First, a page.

Regev: Ministers Will Seek to Erase Azaria’s Conviction After Release

Elor Azaria
Sgt. Elor Azaria at the courtroom of the Kirya military base in Tel Aviv in January. (Flash90)

Saying that she was speaking on behalf of other government officials as well, Culture Minister Miri Regev said Tuesday morning that she would work to erase the criminal record of IDF soldier Elor Azaria, who was released Tuesday after nine months in prison. Addressing the Azaria family as they welcomed Elor as he emerged from the military prison he had been held in for nearly a year, Regev said that she wishes for the released soldier “a new life – a quiet one, especially after all he has gone through. You, the family, deserve some quiet as well.”

Azaria was convicted in February 2017 on charges of manslaughter and conduct unbecoming an IDF soldier, after shooting at a terrorist in Chevron on Purim a year earlier, when the terrorist was neutralized and on the ground, after he had been shot when he tried to stab soldiers. At his trial, defense attorneys stressed Azaria’s sterling record as a soldier, and the fact that the possibility of a further terror attack – in which the terrorist who was on the ground might set off a bomb that he could have been carrying on his person – justified the shooting, or at least provided reasonable grounds for Azaria’s having acted the way he did.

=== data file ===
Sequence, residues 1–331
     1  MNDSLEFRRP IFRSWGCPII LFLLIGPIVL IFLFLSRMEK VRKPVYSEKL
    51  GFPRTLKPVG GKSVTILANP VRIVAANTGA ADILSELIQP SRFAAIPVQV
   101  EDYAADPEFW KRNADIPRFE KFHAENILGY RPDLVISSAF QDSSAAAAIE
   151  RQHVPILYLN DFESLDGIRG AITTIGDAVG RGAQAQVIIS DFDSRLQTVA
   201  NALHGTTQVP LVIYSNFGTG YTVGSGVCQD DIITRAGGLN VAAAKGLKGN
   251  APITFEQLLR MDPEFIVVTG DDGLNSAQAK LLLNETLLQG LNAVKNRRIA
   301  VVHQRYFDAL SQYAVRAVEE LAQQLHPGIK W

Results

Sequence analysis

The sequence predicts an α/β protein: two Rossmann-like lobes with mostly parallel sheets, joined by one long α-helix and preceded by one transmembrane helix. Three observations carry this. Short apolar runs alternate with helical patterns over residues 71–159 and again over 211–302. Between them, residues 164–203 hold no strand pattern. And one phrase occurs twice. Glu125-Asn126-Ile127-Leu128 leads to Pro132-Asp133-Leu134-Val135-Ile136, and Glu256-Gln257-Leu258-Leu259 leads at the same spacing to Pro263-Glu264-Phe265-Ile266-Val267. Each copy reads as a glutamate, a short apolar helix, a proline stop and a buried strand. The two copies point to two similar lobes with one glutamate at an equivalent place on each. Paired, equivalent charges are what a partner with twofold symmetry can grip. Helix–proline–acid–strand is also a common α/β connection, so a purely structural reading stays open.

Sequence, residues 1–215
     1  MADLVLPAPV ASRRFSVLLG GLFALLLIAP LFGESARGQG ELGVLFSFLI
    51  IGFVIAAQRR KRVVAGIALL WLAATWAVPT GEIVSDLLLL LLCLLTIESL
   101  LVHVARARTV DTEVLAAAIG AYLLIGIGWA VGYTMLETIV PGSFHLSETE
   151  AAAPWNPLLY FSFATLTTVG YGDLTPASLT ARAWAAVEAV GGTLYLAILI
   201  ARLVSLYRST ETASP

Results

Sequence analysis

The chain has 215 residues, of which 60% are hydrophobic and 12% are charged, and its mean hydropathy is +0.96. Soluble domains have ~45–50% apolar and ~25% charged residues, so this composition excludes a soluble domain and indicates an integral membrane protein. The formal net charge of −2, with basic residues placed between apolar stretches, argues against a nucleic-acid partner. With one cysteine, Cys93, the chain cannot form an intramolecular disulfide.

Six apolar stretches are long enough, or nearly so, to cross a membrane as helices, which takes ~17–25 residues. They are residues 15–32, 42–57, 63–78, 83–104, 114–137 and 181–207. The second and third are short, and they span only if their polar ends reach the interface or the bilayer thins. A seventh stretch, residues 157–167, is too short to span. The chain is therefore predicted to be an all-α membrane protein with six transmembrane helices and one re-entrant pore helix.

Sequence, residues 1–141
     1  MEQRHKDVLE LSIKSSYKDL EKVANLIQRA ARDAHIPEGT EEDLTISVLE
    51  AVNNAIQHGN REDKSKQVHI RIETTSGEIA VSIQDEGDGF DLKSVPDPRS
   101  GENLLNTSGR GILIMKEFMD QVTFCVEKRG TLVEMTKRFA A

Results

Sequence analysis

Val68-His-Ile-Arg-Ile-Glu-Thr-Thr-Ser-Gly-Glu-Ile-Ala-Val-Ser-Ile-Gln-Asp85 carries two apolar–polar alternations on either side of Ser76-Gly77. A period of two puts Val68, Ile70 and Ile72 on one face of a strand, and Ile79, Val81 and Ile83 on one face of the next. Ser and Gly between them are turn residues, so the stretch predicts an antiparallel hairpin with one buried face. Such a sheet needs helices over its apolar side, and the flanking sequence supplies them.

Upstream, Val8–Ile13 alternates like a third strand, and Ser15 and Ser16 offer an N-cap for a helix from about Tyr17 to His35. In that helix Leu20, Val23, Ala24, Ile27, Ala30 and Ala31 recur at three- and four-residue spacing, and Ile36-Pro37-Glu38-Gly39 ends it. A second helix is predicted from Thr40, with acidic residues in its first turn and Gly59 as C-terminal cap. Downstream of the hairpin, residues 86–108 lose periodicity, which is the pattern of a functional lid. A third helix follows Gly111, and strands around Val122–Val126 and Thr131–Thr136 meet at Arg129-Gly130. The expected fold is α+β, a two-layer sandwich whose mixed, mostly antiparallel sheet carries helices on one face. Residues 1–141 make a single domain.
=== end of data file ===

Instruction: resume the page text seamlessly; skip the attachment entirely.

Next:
The court rejected those arguments, sentencing the soldier to 18 months in military prison, and on appeal reducing the sentence by four months. At a parole hearing in March, officials refused to reduce the sentence further, but did agree to paroling the soldier and allowing him to go home. Commenting on his release, Prime Minister Binyamin Netanyahu, on his way to meetings in Cyprus, said that he was “happy that this matter is at an end.”

Azaria’s jailing was a flashpoint among many Israelis, with those on the right complaining that army brass were placing restrictions on soldiers that would endanger their lives at the expense of protecting terrorists, while proponents of jailing Azaria, on the left, claiming that the sentence was necessary in order to ensure that soldiers do not take security matters into their own hands.